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  • Social value is nothing new, although there has been an increased interest in the UK due to the Social Value Act 2012.
  • Birmingham City Council’s approach to implementing social value in commissioning and procurement – good example of strategic leadership and provision of tools to achieve social value in individual contracts.Risk adverse and process driven nature of procurement - In order to break this down in all areas of procurement, but particularly when considering social value, it is necessary that there is strong leadership from the top. If the council leader or mayor demands social value is included, this provides protection for individual procurement officers and can make them less risk adverse.In order to comply with EU procurement rules, any social value requirements have to relate to a contracting authorities own strategies and policies. By setting out social value priorities, as Birmingham and some other UK councils have done, this requirement is covered.Somecouncil’s, including Birmingham, are requiring contractors to pay the living wage, which is higher than the legally mandated living wage. This is permissible under EU procurement law, but only for those employees working directly on a contract. Authorities cannot insist that a business pays all its staff the living wage.
  • Procurement rules have always allowed social value to be taken into account. European Commission 2010 guidance, “Buying Social: A guide to Taking Account of Social Considerations in Public Procurement”, covers the promotion of employment opportunities, social and labour rights, social inclusion, ethical trade issues, corporate social responsibility and promoting Small to Medium sized businesses.The commission intended this guidance to highlight the contribution public procurement can make to stimulate greater social inclusion”So, why have we not seen more social value commissioning. I believe it is due to the complexity of procurement rules. People are unsure what they can and can’t do. Also short term savings being prioritised over long term value.One of the areas that is very clear in procurement rules is the principle of non discrimination against bidders from other member states. However, growing the local economy is a priority for many local authorities.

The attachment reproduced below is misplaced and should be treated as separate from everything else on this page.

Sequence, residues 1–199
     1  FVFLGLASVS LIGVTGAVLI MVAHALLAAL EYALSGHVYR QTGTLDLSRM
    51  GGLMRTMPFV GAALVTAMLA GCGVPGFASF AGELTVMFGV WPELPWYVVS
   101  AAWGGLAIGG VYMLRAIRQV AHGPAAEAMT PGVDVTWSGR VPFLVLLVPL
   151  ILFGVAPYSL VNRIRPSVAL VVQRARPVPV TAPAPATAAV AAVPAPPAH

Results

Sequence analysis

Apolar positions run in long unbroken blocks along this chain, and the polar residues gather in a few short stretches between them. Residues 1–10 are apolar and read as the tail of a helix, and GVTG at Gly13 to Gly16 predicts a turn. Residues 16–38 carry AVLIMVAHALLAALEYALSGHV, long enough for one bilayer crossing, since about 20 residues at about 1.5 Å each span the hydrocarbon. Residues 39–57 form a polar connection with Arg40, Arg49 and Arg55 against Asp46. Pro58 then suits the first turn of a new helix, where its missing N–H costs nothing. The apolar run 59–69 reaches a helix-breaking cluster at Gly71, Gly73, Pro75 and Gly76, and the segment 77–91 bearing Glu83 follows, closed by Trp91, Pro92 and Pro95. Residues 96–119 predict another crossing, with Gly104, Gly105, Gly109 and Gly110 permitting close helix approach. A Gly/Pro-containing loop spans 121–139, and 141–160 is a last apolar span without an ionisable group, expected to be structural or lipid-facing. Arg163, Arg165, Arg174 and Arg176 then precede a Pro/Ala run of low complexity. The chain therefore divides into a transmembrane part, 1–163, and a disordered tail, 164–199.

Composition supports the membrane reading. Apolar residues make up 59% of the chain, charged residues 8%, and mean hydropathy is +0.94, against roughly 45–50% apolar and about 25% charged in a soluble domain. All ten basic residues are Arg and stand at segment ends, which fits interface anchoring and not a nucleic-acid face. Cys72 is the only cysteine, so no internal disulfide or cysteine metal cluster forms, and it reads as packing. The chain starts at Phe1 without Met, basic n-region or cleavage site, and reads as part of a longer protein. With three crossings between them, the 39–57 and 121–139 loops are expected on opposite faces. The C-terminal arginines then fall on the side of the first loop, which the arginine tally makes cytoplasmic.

• The principle purpose of the Directives remains that of opening up procurement markets to competition across the EU, but the new rules have also ben revised and modernised “in order to:-increase the efficiency of public spending, facilitating in particular the participation of small and medium-sized enterprises in public procurement and to enable procurers to make better use of public procurement in support of common societal goals (Recital 2)The new rules now clearly state that award criteria can include social and environmental characteristics. Contracting authorities may exclude a tenderer who does not comply with certain social and environmental laws.There has also been removal of the distinction between Part A and Part B services and the introduction of a new “light touch” regime for health, social and related services. Again, changes here are not radical, because Part B services were effectively light touch anyway. But it could help social purpose organisations and the creation of social value in a number of ways:National rules have to be developed by each country for light touch services. There is the opportunity for this to lead to a simple, proportionate process. National rules could include not using price only to evaluate tenders and a requirement to consider social value. However, if requirements are not clear, public bodies could go back to following the full rules, as often happened with Part B services.The other benefit of the “light touch regime” is that the threshold is raised to 750,000 Euros. It then provides greater clarity that any contracts below this threshold will sit outside of the European Procurement Directives. This removes the fear of breaking the EU rules and may provide the space for procurement to become less risk adverse and more creative. It could lead to better dialogue with social purpose organisations and more innovative solutions to social problems.Other requirements of the new Directives that are aimed at helping small organisations win contracts, and therefore should be beneficial to social purpose organisations include:Large contracts must be dividedinto separate lots. If not, then this has to be justified. This could help stem the move to larger and larger contracts, which are often seen to be more efficient, but can exclude small and local bidders. Public bodies cannot require the minimum turnover of organisations to exceed two times the estimated contract value. But we feel more needs to be done to stop discrimination against not for profit organisations in financial evaluation.Clarification has been provided that contracting authorities may consult with service providers before going out to tender. We need more of this and it to be done better. And when considering social value, consultation needs to include wider communities.Finally, reserved contracts, for organisations whose main aim is the employment of disabled or disadvantaged persons. These contracts can now be awarded where 30% of the workforce is disabled or disadvantaged. Previously it was 50%.